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I have been trying to run down an electrical problem on my bike that led me across another problem.
I found that the 4 amp fuse for the left radiator blower was blown. I rep[laced it and took the bike on a 75 mile ride to see if my battery would charge and also to check the blower.
Got back to the house. It was 66 outside but the bike radiator temp was at 60%. Checked right blower - going full blast! Nothing form the left blower. Killed the bike and it would not restart - dead battery. But I did check the left blower fuse and it was fine.
If I pull the left side of the bike will I be able to trace down the lead to the blower and see if it is something simple like disconnected. In like manner if I can locate the lead can I jump the wire direct to the battery and just see if the blower is burnt out?
 

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you will need to ground the (brown) ground wire and put battery on remaining wire, but first see if the motor turns freely by hand to see if it is (partially) seized
 

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The cowling for the radiator fans has been one of my LT nemeses.

The last time I struggle for hours to get the cowling back on and aligned I stumbled upon an easy way to get it all lined up again--the radiator is mounted in rubber. So, one can gentle pull the radiator towards the front of the bike and easily remove/reinstall the dam cowling!

The fan has a white molex type polarized connector near the fan.

The fan, I assume, runs on 12 volts. So any 12 volt DC source (battery charger, wall wart etc) should be able to power it.

Bob
 

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2005 K1200LT
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You may have a bad motor on that side. The fan relay feeds both of the fuses (l & r) and the fuses, in turn, service only thier respective fans and nothing else. If it was blown then I suspect a bad motor.
 

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I had that exact same problem....left fan stopped running and a blown fuse; right fan ran constantly. Mike at LoneStar BMW checked the mapping on the motronic and it all seemed fine and got the fan to stop running constantly. Replaced the left fan and matching fuse and fan doesn't work....I confirmed it does before installing. I traced the wires and didn't find anything wrong. Hooked it to a GS911 and it says no connectivity (fault). I'm just as stuck as you are....hopefully someone will have the fix to our problemo! :rolleyes:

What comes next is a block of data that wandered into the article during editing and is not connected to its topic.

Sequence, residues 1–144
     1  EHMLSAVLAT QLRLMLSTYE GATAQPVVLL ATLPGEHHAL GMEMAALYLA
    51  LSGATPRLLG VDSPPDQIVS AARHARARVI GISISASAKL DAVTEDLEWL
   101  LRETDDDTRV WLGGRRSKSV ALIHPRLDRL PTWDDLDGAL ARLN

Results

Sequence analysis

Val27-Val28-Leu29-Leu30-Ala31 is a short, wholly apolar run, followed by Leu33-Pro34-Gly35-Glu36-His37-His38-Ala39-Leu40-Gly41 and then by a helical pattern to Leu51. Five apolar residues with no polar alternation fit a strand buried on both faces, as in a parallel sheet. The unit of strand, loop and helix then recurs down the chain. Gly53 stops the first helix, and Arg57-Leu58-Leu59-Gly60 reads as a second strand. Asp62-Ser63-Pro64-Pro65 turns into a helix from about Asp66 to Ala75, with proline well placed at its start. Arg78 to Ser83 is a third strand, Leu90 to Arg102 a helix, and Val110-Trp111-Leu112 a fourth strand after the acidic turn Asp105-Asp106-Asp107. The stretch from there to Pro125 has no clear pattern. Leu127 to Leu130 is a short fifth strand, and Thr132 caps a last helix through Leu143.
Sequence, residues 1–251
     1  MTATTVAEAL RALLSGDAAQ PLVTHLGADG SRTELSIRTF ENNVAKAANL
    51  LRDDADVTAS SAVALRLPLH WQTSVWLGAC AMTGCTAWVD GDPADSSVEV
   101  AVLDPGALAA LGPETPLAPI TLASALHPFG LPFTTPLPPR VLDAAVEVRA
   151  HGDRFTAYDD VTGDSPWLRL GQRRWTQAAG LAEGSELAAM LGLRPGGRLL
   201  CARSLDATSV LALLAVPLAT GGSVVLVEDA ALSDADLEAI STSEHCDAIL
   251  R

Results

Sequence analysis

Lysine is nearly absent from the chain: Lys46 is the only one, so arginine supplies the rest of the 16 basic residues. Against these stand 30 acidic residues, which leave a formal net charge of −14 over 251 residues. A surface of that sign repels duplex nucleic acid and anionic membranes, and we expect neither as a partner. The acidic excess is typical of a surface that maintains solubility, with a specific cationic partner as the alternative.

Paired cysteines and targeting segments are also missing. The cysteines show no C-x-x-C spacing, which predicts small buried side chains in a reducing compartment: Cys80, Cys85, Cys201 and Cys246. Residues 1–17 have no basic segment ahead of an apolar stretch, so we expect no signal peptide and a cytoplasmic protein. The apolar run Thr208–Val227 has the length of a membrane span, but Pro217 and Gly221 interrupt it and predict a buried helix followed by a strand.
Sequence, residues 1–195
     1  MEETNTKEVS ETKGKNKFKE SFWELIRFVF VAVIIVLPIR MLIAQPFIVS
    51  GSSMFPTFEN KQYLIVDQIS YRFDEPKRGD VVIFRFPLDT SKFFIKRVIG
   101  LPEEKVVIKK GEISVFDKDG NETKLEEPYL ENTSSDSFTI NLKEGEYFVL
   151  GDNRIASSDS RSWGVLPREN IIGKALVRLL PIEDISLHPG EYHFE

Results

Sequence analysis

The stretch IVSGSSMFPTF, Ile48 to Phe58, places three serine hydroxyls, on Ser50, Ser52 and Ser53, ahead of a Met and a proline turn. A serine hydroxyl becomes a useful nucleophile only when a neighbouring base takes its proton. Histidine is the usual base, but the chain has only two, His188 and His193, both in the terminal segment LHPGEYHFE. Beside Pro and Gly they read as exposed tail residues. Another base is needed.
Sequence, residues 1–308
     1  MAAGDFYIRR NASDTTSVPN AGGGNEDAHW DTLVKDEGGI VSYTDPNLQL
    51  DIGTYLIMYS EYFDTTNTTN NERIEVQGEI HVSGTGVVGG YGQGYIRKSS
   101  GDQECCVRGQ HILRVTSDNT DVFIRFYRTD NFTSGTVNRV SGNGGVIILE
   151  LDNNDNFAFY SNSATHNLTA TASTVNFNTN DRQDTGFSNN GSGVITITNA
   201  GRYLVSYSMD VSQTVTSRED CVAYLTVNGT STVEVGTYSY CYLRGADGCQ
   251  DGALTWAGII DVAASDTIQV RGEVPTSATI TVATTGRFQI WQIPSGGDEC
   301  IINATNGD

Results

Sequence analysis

I've run in 106 degree heat here in Texas with one fan and it gets up to about 70-75%, but that's on the open highway....wouldn't want to try it in those temps while sitting in traffic. :sun:
 

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I looked at the print and like John noted both the fan fuses share the same power feed from the fan relay.
Did you check voltage at the fuse or just check that the fuse is good? It's possible the jumper connecting the two fan fuses failed so you only get one side.
The fans also share a ground but check where they tie together or add a temp ground to the left fan from the battery ground.
You can also feed power to the left fan power feed at the fuse boxf direct from battery, use a protected jumper wire.
 

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Turn the key to off and then pull the fuse that was blown and then measure the resistance to the negative side of the battery (or ground) with an Ohm meter. It should be the same as the fuse that serves the right side blower that is working. One of the pins on each fuse should have a small resistance equal to the winding of the motor. The other pin on the fuse should be open because 12 volts is switched to it by the fan relay.

If it does have resistance then get the right side blower running and measure each side of the left side blower fuse (fuse removed) with a volt meter to ground. One side of the fuse should have 12 volts.

If you don't have resistance you will next need to pull the connector at the blower and use the OHM meter to check between the two wires going to the blower. If it is open you need new blower. If not open, use the Ohm meter to check the connector to the left blower. One wire should go back to the fuse and the other (brown wire) should have continuity to the negative side of the battery.
 
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